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voluntary efforts mainly of the Loyal League, though discountenanced by Gov. Seymour, marched proudly down Broadway and embarked for the seat of War, amid the cheers of enthusiastic thousands, and without eliciting one discordant hiss. The use of negroes, both free and slave, for belligerent purposes, on the side of the Rebellion, dates from a period anterior to the outbreak of actual hostilities. So early as Jan. 1st, 1861, a dispatch from Mr. R. R. Riordan, at Charleston, to lion. Percy Walker, at Mobile, exultingly proclaimed that-- Large gangs of negroes from plantations are at work on the redoubts, which are substantially made of sand-bags and coated with sleet-iron. A Washington dispatch to The Evening Post (New York), about this time, set forth that-- A gentleman from Charleston says that everything there betokens active preparations for fight. Tile thousand negroes busy in building batteries, so far from inclining to insurrection, were grinning from ear to ear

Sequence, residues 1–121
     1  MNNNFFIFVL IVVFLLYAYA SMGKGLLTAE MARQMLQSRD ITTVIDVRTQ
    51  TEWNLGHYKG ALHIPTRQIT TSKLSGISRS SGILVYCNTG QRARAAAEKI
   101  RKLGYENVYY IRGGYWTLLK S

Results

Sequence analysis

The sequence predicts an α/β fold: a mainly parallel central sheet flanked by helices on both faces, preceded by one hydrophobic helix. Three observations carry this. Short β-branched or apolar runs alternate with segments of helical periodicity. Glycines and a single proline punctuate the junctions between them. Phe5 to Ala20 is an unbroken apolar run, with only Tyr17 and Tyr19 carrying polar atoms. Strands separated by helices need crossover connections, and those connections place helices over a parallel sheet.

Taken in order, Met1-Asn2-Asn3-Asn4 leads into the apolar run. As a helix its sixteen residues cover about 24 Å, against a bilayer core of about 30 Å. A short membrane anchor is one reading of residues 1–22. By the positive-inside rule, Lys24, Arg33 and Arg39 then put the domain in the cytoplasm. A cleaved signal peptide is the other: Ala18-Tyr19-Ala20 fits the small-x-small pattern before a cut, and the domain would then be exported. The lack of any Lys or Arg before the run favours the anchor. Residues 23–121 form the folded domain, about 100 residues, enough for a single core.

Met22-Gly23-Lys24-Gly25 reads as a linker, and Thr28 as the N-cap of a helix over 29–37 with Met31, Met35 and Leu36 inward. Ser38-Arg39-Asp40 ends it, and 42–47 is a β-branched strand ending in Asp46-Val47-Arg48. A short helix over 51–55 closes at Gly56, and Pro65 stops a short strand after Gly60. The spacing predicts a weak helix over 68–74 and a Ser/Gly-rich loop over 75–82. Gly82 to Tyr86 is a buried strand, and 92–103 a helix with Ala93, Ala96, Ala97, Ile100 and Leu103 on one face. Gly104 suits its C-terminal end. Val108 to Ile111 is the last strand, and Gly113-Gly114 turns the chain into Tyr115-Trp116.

Memminger upon the honor of his appointment to this responsible position in the New Confederacy, and the States upon having one so well fitted to perform its duties faithfully and upon sound principles. Secretary of War. Hon. Leroy Pope Walker is a lawyer of Huntsville, Alabama, a native of that county, Madison, and about forty-five years of age. He is the eldest son of the late Major Walker, and one of a family distinguished for talent and influence. Two of his brothers are Hon. Percy Walker, who recently represented the Mobile district in Congress, and Hon. Judge Richard W. Walker, of Florence, Chairman of the Alabama Delegation in the present Confederate Congress. Hon. L. P. Walker at one time practised law in South Alabama, and was for several sessions Speaker of the House of Representatives of the State. He has been a consistent Democrat of the State-Rights school. For the last ten years he has been located in Huntsville, and has the reputation of being the leading l